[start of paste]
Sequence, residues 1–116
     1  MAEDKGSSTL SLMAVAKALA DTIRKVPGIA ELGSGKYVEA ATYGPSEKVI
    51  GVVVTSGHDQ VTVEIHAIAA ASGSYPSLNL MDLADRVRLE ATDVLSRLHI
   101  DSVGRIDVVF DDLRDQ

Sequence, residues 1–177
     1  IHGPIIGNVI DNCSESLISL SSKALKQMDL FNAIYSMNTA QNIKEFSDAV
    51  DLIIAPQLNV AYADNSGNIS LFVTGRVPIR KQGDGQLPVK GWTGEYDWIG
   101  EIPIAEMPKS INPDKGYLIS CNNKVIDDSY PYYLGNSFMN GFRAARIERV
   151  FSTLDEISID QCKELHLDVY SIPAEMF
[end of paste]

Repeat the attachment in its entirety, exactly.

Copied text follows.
Sequence, residues 1–116
     1  MAEDKGSSTL SLMAVAKALA DTIRKVPGIA ELGSGKYVEA ATYGPSEKVI
    51  GVVVTSGHDQ VTVEIHAIAA ASGSYPSLNL MDLADRVRLE ATDVLSRLHI
   101  DSVGRIDVVF DDLRDQ

Sequence, residues 1–177
     1  IHGPIIGNVI DNCSESLISL SSKALKQMDL FNAIYSMNTA QNIKEFSDAV
    51  DLIIAPQLNV AYADNSGNIS LFVTGRVPIR KQGDGQLPVK GWTGEYDWIG
   101  EIPIAEMPKS INPDKGYLIS CNNKVIDDSY PYYLGNSFMN GFRAARIERV
   151  FSTLDEISID QCKELHLDVY SIPAEMF